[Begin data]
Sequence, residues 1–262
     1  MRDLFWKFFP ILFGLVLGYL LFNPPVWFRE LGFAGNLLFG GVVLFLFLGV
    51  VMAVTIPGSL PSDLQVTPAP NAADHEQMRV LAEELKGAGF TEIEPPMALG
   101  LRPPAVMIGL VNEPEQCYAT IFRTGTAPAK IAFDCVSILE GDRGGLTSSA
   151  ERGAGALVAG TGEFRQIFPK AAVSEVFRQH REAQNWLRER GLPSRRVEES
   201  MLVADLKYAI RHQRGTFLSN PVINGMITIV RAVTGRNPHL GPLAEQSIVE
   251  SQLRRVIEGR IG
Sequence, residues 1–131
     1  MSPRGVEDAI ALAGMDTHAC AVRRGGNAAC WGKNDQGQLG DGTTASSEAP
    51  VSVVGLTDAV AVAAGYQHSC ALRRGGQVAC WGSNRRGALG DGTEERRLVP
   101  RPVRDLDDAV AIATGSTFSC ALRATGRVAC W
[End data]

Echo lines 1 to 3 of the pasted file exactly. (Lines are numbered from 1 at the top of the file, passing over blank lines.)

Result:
Sequence, residues 1–262
     1  MRDLFWKFFP ILFGLVLGYL LFNPPVWFRE LGFAGNLLFG GVVLFLFLGV
    51  VMAVTIPGSL PSDLQVTPAP NAADHEQMRV LAEELKGAGF TEIEPPMALG